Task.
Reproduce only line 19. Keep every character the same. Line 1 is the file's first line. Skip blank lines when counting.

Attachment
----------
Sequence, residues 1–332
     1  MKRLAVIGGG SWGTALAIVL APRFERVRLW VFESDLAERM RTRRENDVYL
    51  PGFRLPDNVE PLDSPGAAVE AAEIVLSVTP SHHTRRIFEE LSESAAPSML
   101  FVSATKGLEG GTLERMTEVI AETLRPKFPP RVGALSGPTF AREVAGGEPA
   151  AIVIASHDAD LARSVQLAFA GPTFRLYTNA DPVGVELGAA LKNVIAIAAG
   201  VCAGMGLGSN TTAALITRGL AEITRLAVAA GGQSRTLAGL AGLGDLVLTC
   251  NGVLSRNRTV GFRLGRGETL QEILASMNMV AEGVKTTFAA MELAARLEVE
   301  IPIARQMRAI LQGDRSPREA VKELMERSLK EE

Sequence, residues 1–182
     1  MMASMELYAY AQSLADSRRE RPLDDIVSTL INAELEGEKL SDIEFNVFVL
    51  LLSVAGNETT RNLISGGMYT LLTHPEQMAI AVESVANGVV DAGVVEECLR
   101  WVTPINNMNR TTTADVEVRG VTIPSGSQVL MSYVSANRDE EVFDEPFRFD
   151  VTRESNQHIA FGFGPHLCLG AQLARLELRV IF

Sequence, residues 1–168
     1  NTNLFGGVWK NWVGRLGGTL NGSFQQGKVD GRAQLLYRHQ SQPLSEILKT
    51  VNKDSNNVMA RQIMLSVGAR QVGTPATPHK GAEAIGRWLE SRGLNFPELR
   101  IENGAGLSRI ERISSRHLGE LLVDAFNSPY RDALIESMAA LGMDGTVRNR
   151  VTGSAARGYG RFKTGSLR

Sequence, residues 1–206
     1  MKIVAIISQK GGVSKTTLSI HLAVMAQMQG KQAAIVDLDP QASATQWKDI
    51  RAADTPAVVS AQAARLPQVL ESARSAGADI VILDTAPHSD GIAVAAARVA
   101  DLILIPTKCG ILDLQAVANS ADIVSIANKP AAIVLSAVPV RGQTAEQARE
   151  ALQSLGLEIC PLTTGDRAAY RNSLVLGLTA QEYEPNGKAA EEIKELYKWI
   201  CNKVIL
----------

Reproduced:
Sequence, residues 1–206